Rise of the 'yummy' (young, urban male)

Don't be surprised if you hear guys in cities being referred to as a "yummy." We're not talking about their good looks. It's a new moniker for the young urban male.

"I hate that term yummy, I prefer the old name for a young urban professional that drives around in a Porsche, a douchebag," said comedian Raj Mahal.

This is one of those rare occasions where comedy and economics collide.

"Like this guy, right here. This guy doesn't look like a yummy. I think a yummy looks like someone who weighs 400 pounds," said Mahal.

Mahal is a former Wall Street trader turned comedian. He hates the term yummy, but if the designer watch fits...

"I proudly put on an SPF 15 moisturizer every morning, I go to the gym three or four times a week, half the time I actually work out. I buy nice hair product, I press my shirts. I like to spend money on myself because I think I've earned it," he said.

At Bergdorf Goodman, one of New York's most exclusive department stores, they're tailoring their collections to include younger men. And the rules of how young men shop are changing.

"I think the one thing I've noticed of late is that a lot of younger men are coming in in groups, they're assessing their purchases collectively. They know what they want," said Bruce Pask, men's fashion director at Bergdorf Goodman. "They're clear about it and they go directly to the racks that are appealing to them. So they're utterly informed shoppers."

Today's yummy is not only bombarded by fashion blogs, magazines, Twitter, and Instagram, he is socially conditioned to share while he shops.

Reporter: "Don't I just run the risk of looking arrogant if I post this on my Instagram account?"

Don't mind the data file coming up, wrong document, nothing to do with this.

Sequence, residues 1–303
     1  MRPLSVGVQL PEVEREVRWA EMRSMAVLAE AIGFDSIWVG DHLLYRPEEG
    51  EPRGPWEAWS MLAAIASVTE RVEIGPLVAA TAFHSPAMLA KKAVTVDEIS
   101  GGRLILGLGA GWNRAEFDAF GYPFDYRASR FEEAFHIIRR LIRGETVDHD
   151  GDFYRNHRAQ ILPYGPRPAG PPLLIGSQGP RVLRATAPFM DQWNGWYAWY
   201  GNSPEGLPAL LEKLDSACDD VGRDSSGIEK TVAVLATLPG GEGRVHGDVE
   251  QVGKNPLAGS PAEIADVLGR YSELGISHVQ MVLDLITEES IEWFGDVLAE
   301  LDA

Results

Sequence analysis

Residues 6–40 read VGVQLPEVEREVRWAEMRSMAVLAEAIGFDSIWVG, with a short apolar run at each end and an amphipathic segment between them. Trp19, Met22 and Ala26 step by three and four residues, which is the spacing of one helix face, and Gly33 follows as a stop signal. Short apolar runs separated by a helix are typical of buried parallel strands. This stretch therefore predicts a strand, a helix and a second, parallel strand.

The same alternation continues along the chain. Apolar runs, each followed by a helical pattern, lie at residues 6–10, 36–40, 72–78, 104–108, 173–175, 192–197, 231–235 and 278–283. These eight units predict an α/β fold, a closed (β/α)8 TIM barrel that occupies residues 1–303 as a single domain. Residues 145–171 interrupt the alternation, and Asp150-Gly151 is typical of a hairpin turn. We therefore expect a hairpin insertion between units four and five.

"I think it's a really approachable piece, and I think people would think, 'Wow that's really cool. Where can I go to get it?" said Pask.

The yummy is part of today's economic reality. The growth in men's luxury is starting to show up in the measurements. Men account for 40 percent of sales in the luxury sector. And growth in menswear just edged out women's wear last year, notching up just under five percent.

"You know what the retail environment is in the U.S. at the moment. It's a struggle, it's hard. So you need to find targeted or niche shoppers who've got money to spend, who are feeling optimistic and who are willing to spend it, so there aren't many of those," said Wendy Liebmann, CEO of WSL Strategic Retail.

Reporter: "What are some tell-tale signs of a yummy walking down the street, how can we spot them?"

"The shoes are often the tell-tale sign because they might be in just denim, jeans and a t-shirt. But if they've spent a little time on their shoes, you know they're paying attention," said Liebmann.

And with every shift in habits, comes a shift in attitudes.

"I don't think there's any taboo at all, like the place where I'm getting my haircut, they offer free manicures, while I'm getting my hair cut, and beer," said Mahal.

So, now it's up to the brands to keep this very tough crowd interested.


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